Oops. Missed the obvious
This is one of those slap-the-forehead, "What was I thinking?" moments.
In the piece immediately below this, about a peculiar story in the press, I say I don’t know why the Bush people and its military servants have suddenly created a stink about a (very possibly fictional) alliance between Osama bin Laden and Abu Musab al-Zarqawi, the supposed terrorist leader who reportedly is beheading hostages in Iraq, although he may not be in Iraq, probably is not in Fallujah and may even be dead. (Those qualifications will be clear if you read the original essay below.)
The U.S. government has announced plans for a major assault on Fallujah. It is trying to get the Brits to move a substantial number of troops into Baghdad so U.S. soldiers there can be moved out to take part in the Fallujah offensive.
Many civilians are going to be killed and maimed in that assault. Hundreds, perhaps thousands, of the elderly, women, children are going to die and lose limbs, eyes, organs; they’re going to be burned and blown up and shot. The Bushies need a better excuse for the slaughter than they have now, which essentially is that they’re frustrated that Fallujah is so totally beyond their control.
Also, of course, major military action stirs the juices of the unquestioning "patriotic" faithful who never saw a war they couldn’t love, but that leaves a lot of people out.
On the other hand, Americans have long shown themselves quite willing to support the wholesale slaughter of civilians if it is in the name of killing or capturing some barely human monster, so our leaders have become expert at creating monster images. Zarqawi obviously is the latest addition to the list of such demons. Think Manuel Noriega, think Salvador Allende, etc., etc. Hell, think Saddam Hussein, who was a sadistic dictator but no sort of threat to us.
Isn’t it amazing that the very press that apologized for unquestioningly taking the Bush crowd’s word for the situation that led to the invasion of Iraq is taking the same crowd’s word for the so-called alliance between bin Laden and a guy who may not even exist?
For months I’ve been writing now and then about the coming electoral Fraud-for-Bush. The perpetrators, including the Republican National Committee and brother Jeb Bush already have been caught outright, and more than once, in out-and-out felonious fraud. (Not that prosecution is likely.)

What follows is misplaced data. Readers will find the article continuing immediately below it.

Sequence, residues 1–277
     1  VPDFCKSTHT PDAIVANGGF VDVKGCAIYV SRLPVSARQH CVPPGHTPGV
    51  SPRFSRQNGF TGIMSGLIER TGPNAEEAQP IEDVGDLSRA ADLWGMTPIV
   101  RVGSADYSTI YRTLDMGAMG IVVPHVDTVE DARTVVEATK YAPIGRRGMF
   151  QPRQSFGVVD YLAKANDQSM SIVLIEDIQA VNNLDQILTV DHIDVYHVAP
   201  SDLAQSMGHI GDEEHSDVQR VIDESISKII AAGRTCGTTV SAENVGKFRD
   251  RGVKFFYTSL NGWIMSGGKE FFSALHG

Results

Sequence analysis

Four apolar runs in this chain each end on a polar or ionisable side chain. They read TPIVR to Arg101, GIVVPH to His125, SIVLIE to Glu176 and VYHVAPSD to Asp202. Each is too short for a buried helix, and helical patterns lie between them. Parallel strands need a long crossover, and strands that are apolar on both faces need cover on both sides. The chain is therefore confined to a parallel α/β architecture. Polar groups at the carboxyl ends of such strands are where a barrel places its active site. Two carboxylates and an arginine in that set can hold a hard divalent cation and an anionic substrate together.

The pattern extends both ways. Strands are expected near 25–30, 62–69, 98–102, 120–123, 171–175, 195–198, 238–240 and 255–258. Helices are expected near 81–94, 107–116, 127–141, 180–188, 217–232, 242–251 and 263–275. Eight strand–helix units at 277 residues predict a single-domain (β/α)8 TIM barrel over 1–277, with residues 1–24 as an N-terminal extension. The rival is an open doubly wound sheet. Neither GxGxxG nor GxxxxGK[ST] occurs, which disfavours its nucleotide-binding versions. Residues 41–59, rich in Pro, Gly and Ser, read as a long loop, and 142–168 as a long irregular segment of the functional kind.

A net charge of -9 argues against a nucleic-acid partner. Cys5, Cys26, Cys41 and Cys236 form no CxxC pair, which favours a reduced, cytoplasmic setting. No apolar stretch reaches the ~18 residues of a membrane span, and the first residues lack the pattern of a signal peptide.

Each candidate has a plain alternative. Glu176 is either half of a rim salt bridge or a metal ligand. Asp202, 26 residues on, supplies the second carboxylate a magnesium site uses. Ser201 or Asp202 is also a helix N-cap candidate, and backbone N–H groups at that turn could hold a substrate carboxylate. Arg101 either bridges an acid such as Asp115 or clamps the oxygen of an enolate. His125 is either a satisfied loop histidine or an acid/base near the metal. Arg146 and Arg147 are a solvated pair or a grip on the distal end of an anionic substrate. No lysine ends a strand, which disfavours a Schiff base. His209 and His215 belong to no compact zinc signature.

Now a newspaper columnist here and there is picking up on the reality. On Oct. 15, for example, New York Times columnist Paul Krugman cited some examples of the crimes and noted that there is "a pattern of Republican efforts to disenfranchise Democrats, by any means possible.’
However, our cowering press has yet to produce a news story tying together the rapidly multiplying frauds and it has failed to put any of the stories on individual crimes where they belong – on the front page of every newspaper in the country. It ain’t going to happen, either.
Because the right screams about "unfairness" and "bias" whenever a factual article baring Republican candidate and organizational malfeasance appears. Though they’ve long held the upper hand over news organizations, through use of such intimidation and money, they continue to cry victim and get away with it. And the Democrats fall far short of balancing the GOP screaming act with one of their own. Too polite, doncha know?
Reporters and editors fairly wet their pants in fear of Republican onslaughts and avoid doing their jobs. Somehow, the current crop of "news" people were absent when courage was handed out. We oldtimers are ashamed of and for them.
They might do election fraud articles if Democrats also were shown to be involved in wholesale fraud, but as Krugman pointed out, there is no evidence, not even any hints, of that being the case.
Minneapolis Star Tribune columnist Kim Ode made and wrote about a discovery that also should be, but isn’t, on news broadcasts and news pages all over the country.
What she learned is that the "No Child Left Behind Act" contains an unpublicized feature to help the military recruit in public schools.
You know the act. Bush pushed it through, making the federal government (remember states rights?) the arbiter of what schools all over the country must teach, and what tests they must use. Then he deliberately failed to provide promised funds to make compliance possible, although he still is campaigning on how wonderful it is.
What Ode discovered is that a provision of the act requires all secondary schools to, as she said, "serve as vast databases to provide military recruiters with our kids’ names, addresses and phone numbers or risk losing federal funding."
Before passage of the act, individual schools could decide whether or not to let military recruiters on campus and could refuse to provide "directory information" to anyone not connected with the school. Some schools refused, usually because parents wanted them to refuse. Do that now, and federal aid can be withheld.
Parents can request, individually, that their children’s names not be released without parental consent, Ode said, but that takes filling out a form that is presented, if it at all, along with all the other forms, brochures and such at the beginning of a school year.
As far as I can discover, the form actually doesn’t have to be provided unless requested, and so undoubtedly is absent from the info packages in many districts. There doesn’t have to be anything but a mention of the right to withhold permission. And, in fact, the mention doesn’t even have to refer to the military – simply that if parents request it, information on their offspring will not be given to people or organizations outside the school system.
It’s a sure bet most parents will fail to see and/or understand what’s going on.